The Canadian economy is the seventh largest among the western industrialized nations. The post-war period has seen a steady shift from the production of agricultural goods toward increased emphasis on manufacturing and services. The service sector employed three-fourths of the workforce in 1999, compared to only half of the workforce in 1960. Canada is a world leader in the production and export of asbestos, nickel, silver, zinc, uranium, cadmium, cobalt, magnesium, gypsum, molybdenum, potash, aluminum, gold, iron ore, copper, fluorspar, and lead. Although no longer the foremost sector of the economy, agriculture is of major importance to the economy as a whole and still is basic in many areas; Canada accounts for approximately 20% of the world wheat trade. Canada is also the world's leading producer of newsprint and ranks among the leaders in other forestry products.
Canada has changed from a country producing and exporting mainly primary products to one that is increasingly producing and exporting manufactured goods. In the 1980s, machinery and equipment joined automotive products among the country's leading exports; at the same time, the importance of natural resource products declined (partly reflecting the 1986 collapse of oil prices).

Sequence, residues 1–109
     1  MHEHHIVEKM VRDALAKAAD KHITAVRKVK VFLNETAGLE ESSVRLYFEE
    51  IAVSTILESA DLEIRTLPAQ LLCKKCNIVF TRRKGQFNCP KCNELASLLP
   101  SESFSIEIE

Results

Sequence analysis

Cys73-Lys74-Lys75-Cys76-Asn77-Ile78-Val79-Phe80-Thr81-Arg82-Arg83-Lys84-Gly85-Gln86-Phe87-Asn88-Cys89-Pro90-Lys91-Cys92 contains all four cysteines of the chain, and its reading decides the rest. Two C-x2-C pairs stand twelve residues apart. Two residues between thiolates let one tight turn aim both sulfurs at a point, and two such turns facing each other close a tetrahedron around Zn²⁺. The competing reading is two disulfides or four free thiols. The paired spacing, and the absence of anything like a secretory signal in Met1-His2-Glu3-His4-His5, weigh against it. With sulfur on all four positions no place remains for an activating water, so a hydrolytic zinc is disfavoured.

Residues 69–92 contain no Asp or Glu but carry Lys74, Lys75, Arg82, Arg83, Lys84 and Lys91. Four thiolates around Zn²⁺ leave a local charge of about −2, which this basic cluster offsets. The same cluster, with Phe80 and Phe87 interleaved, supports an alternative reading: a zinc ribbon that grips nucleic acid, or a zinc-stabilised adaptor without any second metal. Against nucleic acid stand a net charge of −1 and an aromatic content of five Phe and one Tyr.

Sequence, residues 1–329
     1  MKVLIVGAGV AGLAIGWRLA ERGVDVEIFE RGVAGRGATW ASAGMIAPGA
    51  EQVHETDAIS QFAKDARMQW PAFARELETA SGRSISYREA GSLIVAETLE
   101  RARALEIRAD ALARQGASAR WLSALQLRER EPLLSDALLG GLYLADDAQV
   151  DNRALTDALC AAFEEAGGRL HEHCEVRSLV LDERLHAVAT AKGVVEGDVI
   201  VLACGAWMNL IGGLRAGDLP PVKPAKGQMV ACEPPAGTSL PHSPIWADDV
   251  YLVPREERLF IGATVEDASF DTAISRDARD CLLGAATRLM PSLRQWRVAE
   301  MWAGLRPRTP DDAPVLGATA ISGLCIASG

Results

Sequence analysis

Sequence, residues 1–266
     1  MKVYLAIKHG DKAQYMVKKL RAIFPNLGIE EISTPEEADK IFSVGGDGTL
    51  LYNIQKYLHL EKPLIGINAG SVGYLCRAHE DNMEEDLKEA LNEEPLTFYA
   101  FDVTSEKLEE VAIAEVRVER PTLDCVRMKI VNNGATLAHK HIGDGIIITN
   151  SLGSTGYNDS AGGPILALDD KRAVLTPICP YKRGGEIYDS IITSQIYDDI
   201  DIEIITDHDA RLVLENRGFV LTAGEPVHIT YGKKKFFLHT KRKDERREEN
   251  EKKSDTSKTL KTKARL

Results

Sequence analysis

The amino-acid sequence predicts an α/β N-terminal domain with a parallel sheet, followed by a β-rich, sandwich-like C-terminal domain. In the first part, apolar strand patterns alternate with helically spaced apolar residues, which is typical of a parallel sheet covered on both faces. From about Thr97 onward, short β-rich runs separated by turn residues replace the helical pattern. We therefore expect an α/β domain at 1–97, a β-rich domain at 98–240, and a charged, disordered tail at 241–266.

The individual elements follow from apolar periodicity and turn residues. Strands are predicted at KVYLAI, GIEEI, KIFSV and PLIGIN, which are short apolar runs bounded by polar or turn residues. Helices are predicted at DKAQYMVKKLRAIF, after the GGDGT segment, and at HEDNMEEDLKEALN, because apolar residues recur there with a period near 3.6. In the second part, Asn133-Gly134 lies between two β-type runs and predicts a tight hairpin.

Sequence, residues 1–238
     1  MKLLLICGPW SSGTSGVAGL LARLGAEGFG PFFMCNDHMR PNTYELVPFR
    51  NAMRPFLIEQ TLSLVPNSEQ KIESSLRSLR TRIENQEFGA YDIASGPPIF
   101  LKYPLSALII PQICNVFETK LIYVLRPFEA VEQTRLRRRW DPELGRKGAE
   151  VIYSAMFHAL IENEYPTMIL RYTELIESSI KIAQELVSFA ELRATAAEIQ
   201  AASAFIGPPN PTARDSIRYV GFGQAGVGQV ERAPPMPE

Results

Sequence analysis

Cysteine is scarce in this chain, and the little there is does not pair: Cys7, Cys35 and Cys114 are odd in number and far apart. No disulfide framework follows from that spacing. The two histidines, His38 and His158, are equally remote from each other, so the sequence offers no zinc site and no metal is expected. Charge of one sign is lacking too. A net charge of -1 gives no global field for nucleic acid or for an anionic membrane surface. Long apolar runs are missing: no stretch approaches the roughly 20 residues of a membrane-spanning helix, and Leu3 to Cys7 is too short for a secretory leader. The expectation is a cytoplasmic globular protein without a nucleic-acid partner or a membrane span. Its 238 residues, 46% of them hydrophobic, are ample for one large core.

Canada was hard hit by the recession of the early 1980s, with interest rates, unemployment, and inflation all running higher than in the United States. The effects of the recession on minerals and manufacturing were especially severe. By the end of 1982, all mining operations in the Yukon were closed, and throughout the country more than 70,000 of 115,000 miners were unemployed. The economy recovered during the mid-1980s, and Canada's economic growth rate was among the highest of OECD countries during 1984–86. However, differences in prosperity among the provinces increased during the 1980s, with the central provinces relatively robust, the western provinces suffering declines in growth because of lower prices for oil and other natural resources, and the Atlantic provinces depressed. By the second quarter of 1990, the economy had begun to contract, affected by the recession and the central bank's tight monetary policy. Recovery began in the second half of 1991. Although the 1990s were marked by continued high rates of unemployment and restrained domestic spending, the economy posted an average growth rate in GDP of about 3%. Unemployment was rated at a peak of about 12% in 1992 but had gone down to 8% in 1999.